||'Maya Kulenovic's aesthetics present a constant dialog between spontaneity and control, creation and destruction, likeness and anonymity, presence and absence. While she does create chiaroscuro effects reminiscent of Caravaggio and Rembrandt, her technique is expressive, direct, fresh, and often surprising; it invites the viewer to participate emotionally in the work.'
Paintings by Kulenovic are difficult to photograph. The image is created by light from within emerging through layers upon layers of thin glazes and transparent paint, eroded and rebuilt, with a certain degree of unexpected effects. Her process incorporates opposing forces acting upon the image in a cyclical fashion: obscuring and revealing, damaging and rebuilding, randomness and control. This is what gives her works a particular sense of life.
Even though her paintings appear to be in the realist tradition, they are anything but. Kulenovic works in oil, yet there is very little paint present. She begins each painting from a monochrome sketch done in medium, with little pigment, painted on the canvas in broad strokes with a wide brush. She covers the entire canvas and, from this moment, the painting shows presence and character. Subsequent layers subtly change and define the painting, slowly enveloping it in shadow and giving it volume and presence, obscuring some elements of the initial image, and revealing others. Shadowing in Kulenovic's work is never empty. It often conceals parts of the image, which can still be seen through the layers of dark glazes. Transparent layers are often applied randomly and quickly, sometimes using surprising colours, introducing an element of chaos and spontaneity, undermining the classical tone of the painting. The artist then makes decisions regarding which of these accidents she wishes to keep and which to erase, yet the traces of these actions can always be picked up by an observant eye.
In Kulenovic's completed works there are no flat colour fields and few identifiable brushstrokes. Every section of the canvas, every colour, including shadowy, seemingly black backgrounds, is the result of many overlapping layers of different transparent vibrant pigments. She often uses between 15 and 25 layers per painting, and sometimes more.
About her method Kulenovic says:
'My aesthetics and sensibility come from my relationship with classical art, which I grew up with. But my paintings are neither classical nor representational. There is an element of realism there of course, but what I see in my images as I paint are not only the figurative elements, rather, it is the relationship of light and shadow, bright and dark areas of the canvas, and an often uneasy balance of these elements as they push each other and struggle over the areas in between. Light is in conflict with shadow, yet they define each other, and together they bring into existence the figurative image underneath, but at the same time they threaten its integrity. I see shadows as both protective and suffocating, and light as redemptive and obliterating. This balance between light, shadow, and the fragile reality in between is what the psychology of these images is built upon; the expressions and particularities (of the faces) are secondary.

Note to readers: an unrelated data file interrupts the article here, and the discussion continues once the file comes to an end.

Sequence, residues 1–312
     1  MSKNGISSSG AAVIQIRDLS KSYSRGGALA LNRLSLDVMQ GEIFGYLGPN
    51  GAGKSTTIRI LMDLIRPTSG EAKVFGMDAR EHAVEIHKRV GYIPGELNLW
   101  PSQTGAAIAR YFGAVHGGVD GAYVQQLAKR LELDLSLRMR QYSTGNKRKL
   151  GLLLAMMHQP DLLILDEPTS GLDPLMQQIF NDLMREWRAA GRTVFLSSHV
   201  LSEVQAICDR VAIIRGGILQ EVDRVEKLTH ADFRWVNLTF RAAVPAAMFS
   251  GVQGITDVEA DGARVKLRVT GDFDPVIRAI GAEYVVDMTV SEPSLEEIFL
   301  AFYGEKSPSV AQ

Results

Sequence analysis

The process of painting is a sort of a struggle that is neither predetermined nor neutral; each layer is it's own complex battle. The figurative nature of the image alludes to classical painting, but this is subverted by a process of erasure, which is in its essence abstract, random. I use thin and transparent layers of paint to establish the image - the defining layers are usually in neutral tones, then I follow up with a layer of destruction, using whatever I get my hands on - rags of different textures, blades, pallete knives, hardened brushes, wire brushes, sandpaper, different solvents. Often the 'destruction' layer has nothing to do with the realism of the image at all, but it is applied randomly and haphazardly, completely ignoring the image underneath. Other times I use it to obliterate areas in light, exposing the canvas underneath. Much of the light in the painting comes from the canvas, and I try to use as little paint as I can. Sometimes instead of erasure, I use a randomly applied layer of an illogical or bright colour, the remnants of which can be seen in traces. So, in a way, my process of painting lately has been to create a defined image, then allow it to be partially destroyed, and then rebuilt again upon the remains. I find this dialog between creation and destruction (or control and abandon) very satisfying on a primal level.'
UNFOLDING, 2013, oil on canvas detail
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